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Ecuador Auctions off the Amazon Rainforest for Oil : Rafael Correa’s Change of Heart Denounced by Protesters in Paris

Ecuador Auctions off the Amazon Rainforest for Oil : Rafael Correa’s Change of Heart Denounced by Protesters in Paris

A view of the Amazon rainforest of Ecuador: overflowing with petrodollars... © Avaaz

Protest held in Paris on the 26th February 2013 at 11am against the Ecuatorian President Rafael Correa’s duplicity - "Oil or life? : that is the question" : such is the question we, at Planète Amazone, asked and chose to symbolise the protest we held against "Ronda Sur Oriente", an auction from the Ecuadorian government of an enormous swath of pristine Amazon rainforest equivalent to the Netherlands and mostly composed of indigenous lands. These oil concessions will allow buyers to extract oil which lies under a rainforest of exceptional biodiversity, much to the dismay of the indigenous populations and the environment.

This is a good example of double-talk since not so long ago, a recently re-elected President Rafael Correa, introduced the "Pacha Mama" ("Mother Earth") Rights of Nature into the Ecuadorian Constitution and asked the rest of the world to support him in his efforts to save the Yasuní National Park from oil companies. Unfortunately for the Ecuadorian officials who were hoping to discuss big money out of the limelight, Planète Amazone, along with Avaaz (which has gathered more than a million signatures against the devastation of the Ecuadorian Amazon by oil companies) and Amazon Watch, organised a protest staging a symbolic oil drilling on 26th February 2013, in front of a luxurious hotel hosting the conference in the west of Paris.

Long before the meeting, the Planète Amazone team had set to infiltrate and create havoc during the discreet "Ronda Sur Oriente" meeting, organized by the Ecuadorian government for potential buyers. It was no time for guerilla-style meetings such as the one held a few days beforehand under the leadership of our friends from Amazon Watch. It was time for finesse and daring. The meeting was due to start a 8am that morning therefore one of us turned up at reception end pretended to be an unlisted journalist.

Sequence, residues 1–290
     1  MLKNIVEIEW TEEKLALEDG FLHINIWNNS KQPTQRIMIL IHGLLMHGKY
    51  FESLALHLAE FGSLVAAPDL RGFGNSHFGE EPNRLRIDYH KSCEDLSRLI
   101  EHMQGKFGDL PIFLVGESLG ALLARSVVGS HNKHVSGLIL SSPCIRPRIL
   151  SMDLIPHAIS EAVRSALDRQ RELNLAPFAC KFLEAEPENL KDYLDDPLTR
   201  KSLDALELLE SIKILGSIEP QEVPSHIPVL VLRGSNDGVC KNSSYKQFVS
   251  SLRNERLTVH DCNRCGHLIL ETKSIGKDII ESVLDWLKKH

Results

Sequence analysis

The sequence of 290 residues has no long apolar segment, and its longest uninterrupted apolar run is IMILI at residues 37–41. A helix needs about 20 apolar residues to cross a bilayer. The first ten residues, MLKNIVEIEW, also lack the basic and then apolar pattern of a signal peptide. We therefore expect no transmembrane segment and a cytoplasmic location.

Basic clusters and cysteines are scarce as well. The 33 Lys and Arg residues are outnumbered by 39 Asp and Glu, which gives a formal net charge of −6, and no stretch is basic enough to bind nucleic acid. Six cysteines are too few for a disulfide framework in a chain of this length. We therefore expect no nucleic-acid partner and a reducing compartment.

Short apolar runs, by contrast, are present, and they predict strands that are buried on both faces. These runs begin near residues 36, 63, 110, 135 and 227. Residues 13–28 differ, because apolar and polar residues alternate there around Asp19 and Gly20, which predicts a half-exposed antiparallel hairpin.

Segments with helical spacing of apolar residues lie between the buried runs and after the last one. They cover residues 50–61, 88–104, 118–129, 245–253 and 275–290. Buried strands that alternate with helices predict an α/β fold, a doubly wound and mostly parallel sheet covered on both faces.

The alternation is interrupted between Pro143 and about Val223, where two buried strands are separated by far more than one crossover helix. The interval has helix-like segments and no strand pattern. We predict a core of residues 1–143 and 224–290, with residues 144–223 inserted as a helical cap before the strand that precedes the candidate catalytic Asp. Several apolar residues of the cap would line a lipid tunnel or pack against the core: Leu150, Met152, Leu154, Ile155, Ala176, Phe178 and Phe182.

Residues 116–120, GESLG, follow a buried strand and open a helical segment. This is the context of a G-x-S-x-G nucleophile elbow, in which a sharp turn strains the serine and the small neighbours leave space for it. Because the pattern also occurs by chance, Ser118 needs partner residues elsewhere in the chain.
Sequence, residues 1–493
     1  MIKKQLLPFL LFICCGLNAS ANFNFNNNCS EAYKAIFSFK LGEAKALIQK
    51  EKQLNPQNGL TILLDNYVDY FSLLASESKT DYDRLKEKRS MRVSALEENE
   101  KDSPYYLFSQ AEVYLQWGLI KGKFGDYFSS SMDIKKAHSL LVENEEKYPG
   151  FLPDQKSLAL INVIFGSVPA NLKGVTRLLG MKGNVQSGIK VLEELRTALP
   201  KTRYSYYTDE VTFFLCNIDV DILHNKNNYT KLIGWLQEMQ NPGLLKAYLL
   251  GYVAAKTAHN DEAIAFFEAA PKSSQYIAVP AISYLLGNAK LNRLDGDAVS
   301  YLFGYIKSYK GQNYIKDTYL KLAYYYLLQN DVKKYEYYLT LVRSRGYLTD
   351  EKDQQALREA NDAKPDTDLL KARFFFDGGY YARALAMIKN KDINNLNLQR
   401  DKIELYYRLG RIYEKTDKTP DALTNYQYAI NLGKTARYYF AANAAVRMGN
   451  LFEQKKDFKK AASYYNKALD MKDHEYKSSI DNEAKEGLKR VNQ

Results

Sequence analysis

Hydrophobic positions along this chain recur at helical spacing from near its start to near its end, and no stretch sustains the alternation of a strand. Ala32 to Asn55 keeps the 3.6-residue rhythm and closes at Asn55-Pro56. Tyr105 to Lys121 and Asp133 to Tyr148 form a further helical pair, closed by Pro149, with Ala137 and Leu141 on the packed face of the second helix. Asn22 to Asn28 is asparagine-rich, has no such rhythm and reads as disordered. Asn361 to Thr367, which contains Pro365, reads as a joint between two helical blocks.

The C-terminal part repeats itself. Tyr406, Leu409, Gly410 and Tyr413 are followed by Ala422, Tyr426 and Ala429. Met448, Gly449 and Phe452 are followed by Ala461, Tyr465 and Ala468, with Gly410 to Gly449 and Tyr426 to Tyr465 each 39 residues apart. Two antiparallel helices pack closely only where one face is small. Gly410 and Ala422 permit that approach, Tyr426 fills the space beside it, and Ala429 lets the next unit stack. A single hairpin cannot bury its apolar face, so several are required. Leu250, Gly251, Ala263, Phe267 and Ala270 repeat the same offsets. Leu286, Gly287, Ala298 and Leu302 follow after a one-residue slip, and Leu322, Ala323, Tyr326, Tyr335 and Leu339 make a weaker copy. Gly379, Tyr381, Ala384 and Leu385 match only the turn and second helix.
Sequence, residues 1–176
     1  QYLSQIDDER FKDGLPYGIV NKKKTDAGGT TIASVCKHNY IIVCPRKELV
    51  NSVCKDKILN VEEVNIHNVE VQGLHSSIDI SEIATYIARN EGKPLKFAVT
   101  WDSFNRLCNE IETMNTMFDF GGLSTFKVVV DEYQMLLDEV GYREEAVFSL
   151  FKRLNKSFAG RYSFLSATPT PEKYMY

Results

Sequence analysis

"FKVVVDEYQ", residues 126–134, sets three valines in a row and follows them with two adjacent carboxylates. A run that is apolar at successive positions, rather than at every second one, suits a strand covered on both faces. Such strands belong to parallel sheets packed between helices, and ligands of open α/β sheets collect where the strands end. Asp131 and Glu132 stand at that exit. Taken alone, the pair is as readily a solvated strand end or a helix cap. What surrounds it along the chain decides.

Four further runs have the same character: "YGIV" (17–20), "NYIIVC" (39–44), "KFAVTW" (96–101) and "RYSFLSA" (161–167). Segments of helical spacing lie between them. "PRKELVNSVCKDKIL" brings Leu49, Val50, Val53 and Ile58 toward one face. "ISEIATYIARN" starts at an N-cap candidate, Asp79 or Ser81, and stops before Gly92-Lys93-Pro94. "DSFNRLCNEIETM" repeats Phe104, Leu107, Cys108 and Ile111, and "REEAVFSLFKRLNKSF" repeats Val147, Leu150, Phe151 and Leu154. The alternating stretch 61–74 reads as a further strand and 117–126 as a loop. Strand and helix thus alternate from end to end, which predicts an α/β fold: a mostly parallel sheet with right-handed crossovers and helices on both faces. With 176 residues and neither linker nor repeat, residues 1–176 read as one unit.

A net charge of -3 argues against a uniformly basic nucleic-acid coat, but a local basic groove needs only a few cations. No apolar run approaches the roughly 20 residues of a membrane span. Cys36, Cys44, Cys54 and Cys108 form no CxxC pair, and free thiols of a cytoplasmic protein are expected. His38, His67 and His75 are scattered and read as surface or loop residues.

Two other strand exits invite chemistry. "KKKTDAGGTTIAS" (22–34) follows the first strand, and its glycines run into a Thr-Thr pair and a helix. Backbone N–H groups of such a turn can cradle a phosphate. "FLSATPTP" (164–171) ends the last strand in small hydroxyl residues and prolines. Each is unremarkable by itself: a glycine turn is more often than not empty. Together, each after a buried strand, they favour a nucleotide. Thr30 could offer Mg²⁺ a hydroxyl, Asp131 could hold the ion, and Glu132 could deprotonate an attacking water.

The distrustful organisers of Ronda Sur Oriente had refused to provide our friend with an autorisation to attend the meeting but had nevertheless agreed to let him collect meeting documents and suggested a meeting with Andrés Donoso Fabara (see his profile). The job titles of Donoso Fabara speak for themselves : Coordinator General Counsel / Ministerial Advisory at the Ministry of Natural Resources Nonrenewable, Legal Director and Executive Vice President at Dispetrol Inc.., Head of Legal Department at Petroamazonas EP...

The back of his business card reads “Undersecretary for land management contracts allocated and hydrocarbon for Hydrocarbons Secretariat of Ecuador” (SHE), and shows a magnificent picture of the Chimborazo volcano reflecting in a lake with a link to the Ecuador Tourist board and a beautiful slogan : “Ecuador, Life in a Pure State". The interview lasts 10 minutes. Just as we are about to start talking to Andrés Donoso Fabara about a business card bearing the logo of the American company IHS which was given to us a few minutes earlier, he starts to praise the Yasuni-ITT initiative, a proposal by the government of Ecuador to refrain indefinitely from exploiting the oil reserves of the Ishpingo-Tambococha-Tiputini (ITT) in order to “safeguard the unique biodiversity of the Yasuni National Park and its native populations” in exchange for 50% of the value of the reserves, or $3.6 billion over 13 years from the international community. We then point out that it is contradictory, to say the least, to publicly call for the preservation of the country’s primary forest and introduce for the first time ever the rights of Nature in the country’s constitution, while simultaneously opening in secret much larger areas to oil companies in addition to other existing oilfields. How to interpret this other than an example of large scale greenwashing?